Getting to the top is optional. Getting down is mandatory.

12:06 PM Priyanka 3 Comments

Earlier this week a bunch of people and I decided to scale the 884 m high Gunung Datuk in Malaysia. Now this being my first hiking experience, I spent several weeks googling anything that might help. It all came down to a few do's and dont's. What these websites never mention however, is how much the right company matters. We were 18 strangers when we left for Malaysia on the morning of Feburary 27th but the next 2 days were to make us really grateful for each other.


At the start of the hiking trail

It takes quite a strenuous physical effort to get to the top. And the trail isn't meant for beginners. It's steep all the way up with only rocks and tree-roots as your steps. The group was queued up in a particular order before the hike began so that each could keep a track of the other. I was to be the second from the front. The 4 hour early morning train ride and the bare minimum sleep we all got the previous night did not stand in way of the excitement we all felt standing there.

Within about 30 minutes however, the excitement was over and I started feeling what any beginner would too on that trail - shortness of breadth and heavy palpitation. The 50L haversack was not helping either. I decided to take a break and drink some water, which by the way was to happen several times along the way, we were all sweating like pigs! 























And that's me! Queen of the Jungle! :D

I can't stress enough on how much it helps to go with the right people! The support and encouragement and the numerous squeals of laughter I drew from my companions are what reduced the feat to a mere trifle. We took about 3 hours to reach the camp site.







The climb wasn't over because we were yet to reach the summit. Having pitched our tents and sheltered our luggage (it was about to rain), we started mounting the steel ladders and ropes that were to bless us with the most breathtaking view of our lives!





The Summit (and it was raining!!)

Later that evening, we had a delightful experience (calling it "dinner" isn't fitting enough). We had enough food with us to last us for a day and a half. With an assortment of noodles, rice, chicken nuggets, sausages, baked beans, soups, marshmallows and fish balls, we started putting together a decent meal. By now everyone was familiar with everyone else, it hardly needed any amount of coordination for us to work in sync. The dishes were being served around and sometimes fed by hand as and when they were prepared. That night those people felt closer than family.




The stomach's were full, the night was young. Some of us (including myself) climbed back to the summit for some star-gazing. The wind was at its ferocious best, while we were mere specks on those rocks. I was reminded of the movie horton hears a who! and of how little we were before the grand scheme of things. The sky was so clear and the stars were so bright, we laid down flat on those rocks and it felt like I could almost see the entire universe. It was an overwhelming and humbling experience.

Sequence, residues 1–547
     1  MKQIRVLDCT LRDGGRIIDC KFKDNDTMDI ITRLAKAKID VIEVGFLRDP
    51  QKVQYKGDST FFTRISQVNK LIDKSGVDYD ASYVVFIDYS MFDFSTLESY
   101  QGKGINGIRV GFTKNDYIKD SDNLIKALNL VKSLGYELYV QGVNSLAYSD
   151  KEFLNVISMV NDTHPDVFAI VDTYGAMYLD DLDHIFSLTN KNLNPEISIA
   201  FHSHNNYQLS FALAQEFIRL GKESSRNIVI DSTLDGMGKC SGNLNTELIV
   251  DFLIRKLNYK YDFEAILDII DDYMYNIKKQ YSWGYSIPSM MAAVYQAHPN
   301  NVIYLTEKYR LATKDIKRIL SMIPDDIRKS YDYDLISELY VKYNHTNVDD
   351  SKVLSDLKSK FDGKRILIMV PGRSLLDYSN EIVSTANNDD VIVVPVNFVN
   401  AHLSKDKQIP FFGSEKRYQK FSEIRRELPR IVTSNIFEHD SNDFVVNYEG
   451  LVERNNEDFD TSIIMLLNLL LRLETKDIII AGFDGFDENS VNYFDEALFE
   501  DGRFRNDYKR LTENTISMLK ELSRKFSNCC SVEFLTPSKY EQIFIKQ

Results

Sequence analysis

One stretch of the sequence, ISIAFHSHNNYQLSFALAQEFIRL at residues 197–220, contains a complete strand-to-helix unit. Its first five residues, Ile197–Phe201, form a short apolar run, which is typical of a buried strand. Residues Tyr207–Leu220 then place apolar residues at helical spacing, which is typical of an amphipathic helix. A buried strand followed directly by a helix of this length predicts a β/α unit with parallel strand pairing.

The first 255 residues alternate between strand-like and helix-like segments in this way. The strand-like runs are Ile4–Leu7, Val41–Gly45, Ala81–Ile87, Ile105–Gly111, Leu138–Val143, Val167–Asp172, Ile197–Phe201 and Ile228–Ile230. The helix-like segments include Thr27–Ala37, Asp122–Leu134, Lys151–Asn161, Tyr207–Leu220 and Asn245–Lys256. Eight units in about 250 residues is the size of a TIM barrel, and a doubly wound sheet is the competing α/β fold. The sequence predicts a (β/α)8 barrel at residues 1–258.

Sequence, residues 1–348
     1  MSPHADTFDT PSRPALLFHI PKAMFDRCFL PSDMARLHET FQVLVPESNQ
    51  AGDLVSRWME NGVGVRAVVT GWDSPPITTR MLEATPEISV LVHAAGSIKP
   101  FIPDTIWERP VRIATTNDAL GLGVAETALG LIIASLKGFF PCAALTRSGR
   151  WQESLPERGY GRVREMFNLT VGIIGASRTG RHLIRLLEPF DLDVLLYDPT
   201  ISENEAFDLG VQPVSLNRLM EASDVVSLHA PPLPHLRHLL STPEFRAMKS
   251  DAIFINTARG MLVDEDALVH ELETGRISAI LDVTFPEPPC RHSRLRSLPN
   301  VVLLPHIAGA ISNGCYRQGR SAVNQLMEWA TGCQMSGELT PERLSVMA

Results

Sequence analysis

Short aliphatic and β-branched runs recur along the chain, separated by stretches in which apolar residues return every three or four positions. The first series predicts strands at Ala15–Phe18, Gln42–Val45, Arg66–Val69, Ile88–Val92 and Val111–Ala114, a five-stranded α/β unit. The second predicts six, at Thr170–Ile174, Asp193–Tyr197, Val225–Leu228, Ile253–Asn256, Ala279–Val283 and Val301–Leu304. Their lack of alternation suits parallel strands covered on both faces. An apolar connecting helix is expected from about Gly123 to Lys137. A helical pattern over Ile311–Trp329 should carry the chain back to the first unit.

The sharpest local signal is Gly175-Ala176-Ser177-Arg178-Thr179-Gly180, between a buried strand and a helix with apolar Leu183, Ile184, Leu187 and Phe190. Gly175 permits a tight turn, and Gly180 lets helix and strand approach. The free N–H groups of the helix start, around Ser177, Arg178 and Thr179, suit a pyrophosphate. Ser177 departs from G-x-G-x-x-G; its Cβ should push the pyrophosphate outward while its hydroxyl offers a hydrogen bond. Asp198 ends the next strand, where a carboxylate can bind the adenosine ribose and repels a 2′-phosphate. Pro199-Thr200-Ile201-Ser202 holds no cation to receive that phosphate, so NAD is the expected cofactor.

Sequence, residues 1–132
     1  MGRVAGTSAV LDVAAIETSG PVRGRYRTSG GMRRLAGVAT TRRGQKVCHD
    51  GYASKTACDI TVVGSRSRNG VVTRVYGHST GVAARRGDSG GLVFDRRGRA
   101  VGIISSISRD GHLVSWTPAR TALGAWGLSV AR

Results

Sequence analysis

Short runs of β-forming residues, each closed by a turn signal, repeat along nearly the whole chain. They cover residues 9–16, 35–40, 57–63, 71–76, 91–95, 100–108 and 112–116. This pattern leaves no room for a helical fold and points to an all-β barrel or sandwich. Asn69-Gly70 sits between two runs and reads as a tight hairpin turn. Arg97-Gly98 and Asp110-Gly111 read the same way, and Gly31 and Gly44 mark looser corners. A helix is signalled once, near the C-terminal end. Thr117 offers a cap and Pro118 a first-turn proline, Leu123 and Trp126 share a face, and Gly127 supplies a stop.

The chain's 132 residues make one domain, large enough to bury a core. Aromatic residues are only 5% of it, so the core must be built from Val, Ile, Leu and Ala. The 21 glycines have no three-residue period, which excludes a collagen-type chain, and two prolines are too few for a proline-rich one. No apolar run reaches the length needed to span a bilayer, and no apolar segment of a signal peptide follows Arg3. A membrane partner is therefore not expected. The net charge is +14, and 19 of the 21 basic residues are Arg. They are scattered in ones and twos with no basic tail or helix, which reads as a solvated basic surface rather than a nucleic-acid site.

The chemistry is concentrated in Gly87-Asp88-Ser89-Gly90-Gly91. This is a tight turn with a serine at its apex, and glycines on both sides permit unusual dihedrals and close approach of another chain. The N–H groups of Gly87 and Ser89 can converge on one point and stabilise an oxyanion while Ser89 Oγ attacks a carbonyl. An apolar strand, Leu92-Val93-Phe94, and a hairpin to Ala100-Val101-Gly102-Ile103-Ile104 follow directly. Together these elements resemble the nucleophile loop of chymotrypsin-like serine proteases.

Our failed attempt at lighting those lamps (it was wayy too windy)

We got back to the camp site around midnight, I was planning to wake up early in time to catch the sunrise next day so I slid into my tent and called it a day. I would be lying if I say it was a comfortable night. It was freezing cold and many of us did not carry our sleeping bags to avoid the weight. Result? I was curled up in a ball the whole time.

A little movement and noise from outside woke me up at around 6. Some of the people were up for sunrise-viewing. I had a tough time deciding if I should join them or go on sleeping for a few more hours. I finally gave into the temptation and dragged myself out of the cozy tent. We climbed up to the summit once again and...I'd say it was worth it :)

 

The Early Risers

So happy I wasn't a lazy bum for once!!  


So around 8 am we got down to the camp site and started preparing breakfast for ourselves and the other lazy heads who were still sleeping. We had bread, nutella, canned tuna, rice balls, milo, sausages and all of last night's leftovers!

On the mountain..or under the sea..nutella with us forever will be..lol

By 10 am we had packed everything and were ready to start our descent. Now normally people would think that going down is easier. It is in the sense that you don't get as tired and it's faster but at the same time you have a lot more tendency to slip, fall, get hurt, scratch your knees, sprain your ankle or twist your elbow..I did nearly all of those, but it was all in the spirit of adventure, like wounds from the great war that people show off..haha

This is me on my way down

This is me slipping

This is me finally reaching the start! YAY!

There were shower facilities nearby (which I wasn't aware of earlier so I didn't have any spare clothes to change to), but we all got fresh, took cabs and treated ourselves to a well deserved KFC meal.




It was a short walk from there to the railway station, and then another 4 hours in the train back to Singapore. It's hard to recount everything that happened in this short journey, but it certainly gave me memories and friends that I'll cherish for a lifetime :)






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3 precious thoughts..:

premed_girl said...

I love all the pics...especially the one with the guy in the blue shirt!!!

Priyanka said...

hahah thanks! :)

Sriti Yadav said...

Amazingggg pictures.......!!! You are a beautiful lady in the making....!!

I read many of your posts...!! True to the heart!!! Lovely and Adorable....!!!! Bless you!!